When the question is whether the commission of suicide by a woman had been abetted by her husband or any relative of her husband and it is shown that she had committed suicide within a period of 7 years from the date of her marriage and that her husband or such relative of her husband had subjected her to cruelty, the Court may presume, having regard to all the other circumstances of the case, that such suicide had been abetted by her husband or by such relative of her husband.
Explanation.–For the purposes of this section, ‘cruelty’ shall have the same meaning as in Section 498A of the Indian Penal Code (45 of 1860).
55. Section 113B of the Evidence Act runs as follows:
113B. Presumption as to dowry death.–When the question is whether a person has committed the dowry death of a woman and it is shown that soon before her death such woman has been subjected by such person to cruelty or harassment for, or in connection with, any demand for dowry, the Court shall presume that such person had caused the dowry death.
Explanation.–For the purpose of this section, ‘dowry death’ shall have the same meaning as in Section 304B of the Indian Penal Code.
56. Analysis of Section 304B of the IPC shows that the following essential features are to be established to prove a case under that section:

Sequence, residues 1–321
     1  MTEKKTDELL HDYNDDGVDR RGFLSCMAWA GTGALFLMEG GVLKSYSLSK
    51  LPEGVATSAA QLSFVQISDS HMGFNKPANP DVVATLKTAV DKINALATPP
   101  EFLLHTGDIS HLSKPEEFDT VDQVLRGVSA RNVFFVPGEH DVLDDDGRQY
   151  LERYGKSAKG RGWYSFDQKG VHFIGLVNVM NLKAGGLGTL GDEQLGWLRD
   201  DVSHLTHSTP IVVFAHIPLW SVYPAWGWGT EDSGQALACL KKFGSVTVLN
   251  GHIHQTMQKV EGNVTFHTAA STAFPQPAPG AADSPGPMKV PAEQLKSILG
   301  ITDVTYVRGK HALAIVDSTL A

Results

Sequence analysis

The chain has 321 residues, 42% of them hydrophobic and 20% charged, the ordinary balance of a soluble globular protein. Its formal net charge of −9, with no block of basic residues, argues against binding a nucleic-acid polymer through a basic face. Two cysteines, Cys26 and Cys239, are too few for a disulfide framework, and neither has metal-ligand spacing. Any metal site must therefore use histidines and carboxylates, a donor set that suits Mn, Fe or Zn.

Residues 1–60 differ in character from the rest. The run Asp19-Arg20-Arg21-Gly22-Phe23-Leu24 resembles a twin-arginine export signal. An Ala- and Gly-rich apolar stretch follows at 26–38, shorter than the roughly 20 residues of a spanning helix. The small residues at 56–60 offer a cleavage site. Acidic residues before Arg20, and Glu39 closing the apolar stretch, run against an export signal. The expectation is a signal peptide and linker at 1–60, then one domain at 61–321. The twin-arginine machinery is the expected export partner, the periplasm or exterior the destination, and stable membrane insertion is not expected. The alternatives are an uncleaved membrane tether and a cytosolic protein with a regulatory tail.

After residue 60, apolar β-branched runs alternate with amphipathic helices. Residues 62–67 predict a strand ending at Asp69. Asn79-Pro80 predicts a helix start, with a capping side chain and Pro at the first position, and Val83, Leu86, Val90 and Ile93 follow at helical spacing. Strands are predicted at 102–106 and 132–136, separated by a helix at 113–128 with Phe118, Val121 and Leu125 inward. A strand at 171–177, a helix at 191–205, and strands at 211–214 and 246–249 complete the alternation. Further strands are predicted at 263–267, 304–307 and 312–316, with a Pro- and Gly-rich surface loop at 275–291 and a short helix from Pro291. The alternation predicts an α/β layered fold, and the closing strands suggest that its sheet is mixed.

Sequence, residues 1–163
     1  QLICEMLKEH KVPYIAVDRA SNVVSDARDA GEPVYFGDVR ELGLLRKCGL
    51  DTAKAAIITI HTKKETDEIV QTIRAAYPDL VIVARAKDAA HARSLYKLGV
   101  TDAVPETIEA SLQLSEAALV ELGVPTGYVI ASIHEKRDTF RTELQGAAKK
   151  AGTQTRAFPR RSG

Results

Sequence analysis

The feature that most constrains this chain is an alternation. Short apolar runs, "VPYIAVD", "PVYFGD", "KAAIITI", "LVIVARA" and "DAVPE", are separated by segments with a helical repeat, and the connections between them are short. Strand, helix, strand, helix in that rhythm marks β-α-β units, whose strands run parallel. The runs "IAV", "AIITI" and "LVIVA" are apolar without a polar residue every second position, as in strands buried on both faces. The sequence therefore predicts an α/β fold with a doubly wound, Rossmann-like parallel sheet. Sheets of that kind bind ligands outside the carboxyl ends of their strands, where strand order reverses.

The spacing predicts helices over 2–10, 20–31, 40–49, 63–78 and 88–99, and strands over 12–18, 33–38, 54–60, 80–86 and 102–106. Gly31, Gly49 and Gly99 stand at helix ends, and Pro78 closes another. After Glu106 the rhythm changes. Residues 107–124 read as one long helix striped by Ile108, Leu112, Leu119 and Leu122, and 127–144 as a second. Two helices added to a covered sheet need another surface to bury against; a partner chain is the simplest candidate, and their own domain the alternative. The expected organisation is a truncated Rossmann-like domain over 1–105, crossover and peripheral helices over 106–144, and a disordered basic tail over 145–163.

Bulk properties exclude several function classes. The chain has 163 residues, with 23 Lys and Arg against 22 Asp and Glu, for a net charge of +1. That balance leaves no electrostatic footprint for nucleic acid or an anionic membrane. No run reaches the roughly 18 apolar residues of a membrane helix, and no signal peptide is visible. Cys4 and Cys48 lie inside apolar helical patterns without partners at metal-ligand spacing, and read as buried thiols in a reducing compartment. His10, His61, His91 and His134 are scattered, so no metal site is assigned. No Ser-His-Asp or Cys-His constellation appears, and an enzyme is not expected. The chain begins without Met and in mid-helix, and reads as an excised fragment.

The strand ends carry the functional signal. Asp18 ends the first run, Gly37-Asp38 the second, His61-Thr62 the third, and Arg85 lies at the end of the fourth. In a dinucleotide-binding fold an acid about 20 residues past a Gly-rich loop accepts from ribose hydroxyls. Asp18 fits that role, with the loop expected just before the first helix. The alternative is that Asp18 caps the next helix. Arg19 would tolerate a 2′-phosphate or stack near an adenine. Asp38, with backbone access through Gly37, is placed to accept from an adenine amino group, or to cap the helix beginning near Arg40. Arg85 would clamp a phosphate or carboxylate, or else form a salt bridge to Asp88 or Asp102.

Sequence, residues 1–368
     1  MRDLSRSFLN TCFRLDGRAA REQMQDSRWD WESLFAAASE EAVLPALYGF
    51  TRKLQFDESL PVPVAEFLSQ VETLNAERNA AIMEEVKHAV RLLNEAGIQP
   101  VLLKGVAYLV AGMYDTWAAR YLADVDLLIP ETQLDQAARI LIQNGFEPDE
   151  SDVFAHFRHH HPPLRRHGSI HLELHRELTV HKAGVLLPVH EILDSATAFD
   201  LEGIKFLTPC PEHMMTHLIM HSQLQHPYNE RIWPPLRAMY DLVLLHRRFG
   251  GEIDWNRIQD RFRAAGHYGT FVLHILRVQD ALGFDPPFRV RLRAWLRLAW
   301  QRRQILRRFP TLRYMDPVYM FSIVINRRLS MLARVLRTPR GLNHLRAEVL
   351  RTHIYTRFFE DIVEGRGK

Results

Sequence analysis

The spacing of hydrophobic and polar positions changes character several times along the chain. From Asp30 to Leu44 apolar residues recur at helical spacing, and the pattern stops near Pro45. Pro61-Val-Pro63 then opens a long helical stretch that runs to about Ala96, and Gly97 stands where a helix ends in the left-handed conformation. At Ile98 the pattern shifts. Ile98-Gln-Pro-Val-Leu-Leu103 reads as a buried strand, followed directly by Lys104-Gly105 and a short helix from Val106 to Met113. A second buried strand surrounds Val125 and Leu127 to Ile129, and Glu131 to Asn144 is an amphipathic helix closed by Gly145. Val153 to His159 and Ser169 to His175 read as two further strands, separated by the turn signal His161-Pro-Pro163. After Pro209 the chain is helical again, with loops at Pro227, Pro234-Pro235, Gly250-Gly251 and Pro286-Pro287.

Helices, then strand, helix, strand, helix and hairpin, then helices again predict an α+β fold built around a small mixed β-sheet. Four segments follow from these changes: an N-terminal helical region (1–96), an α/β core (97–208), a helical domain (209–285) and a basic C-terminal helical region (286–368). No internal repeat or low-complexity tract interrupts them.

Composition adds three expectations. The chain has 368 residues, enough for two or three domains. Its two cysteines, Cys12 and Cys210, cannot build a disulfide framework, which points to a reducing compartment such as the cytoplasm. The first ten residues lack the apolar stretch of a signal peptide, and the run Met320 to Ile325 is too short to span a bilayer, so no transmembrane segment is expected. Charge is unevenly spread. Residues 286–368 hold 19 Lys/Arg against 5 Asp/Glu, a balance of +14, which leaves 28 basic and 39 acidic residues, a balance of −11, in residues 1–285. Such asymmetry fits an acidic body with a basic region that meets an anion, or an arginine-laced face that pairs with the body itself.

1) The death of a woman should be caused by burns or bodily injury or otherwise than under normal circumstances,
2) such death should have occurred within seven years of her marriage,
3) she must have been subjected to cruelty or harassment by her husband or any relative of her husband and
4) such cruelty or harassment should be for or in connection with demand for dowry.
57. We do not think that any citation of decision of Supreme Court is necessary in support of our contention relating to essential ingredients of Section 304B of the IPC. There are catena of decisions of the Supreme Court over this point in which the above stated four essential ingredients of Section 304B of IPC were laid down by the Supreme Court See Shanti v. State of Haryana ; Pawan Kumar v. State of Haryana (supra). Demand of dowry may not be in writing or in the form of agreement in each case. Demand of dowry may be oral also. The Dowry Prohibition Act, 1961 was enacted to check dowry deaths which were continuing despite the then prevailing laws. The object was not achieved and there were amendments by amending various provisions of the said Act and the related provisions under the Indian Penal Code and the Evidence Act. For that purpose Section 304B of the IPC was introduced and also the Section 498A of the IPC. At the same time, Sections 113A and 113B were introduced in the Evidence Act. Earlier, the definition of ‘dowry’ was limited to the time at or before the marriage, but after the amendment of the Act by Act 43 of 1986 w.e.f. 19.11.86 the definition of ‘dowry’ was extended to the period even after the marriage.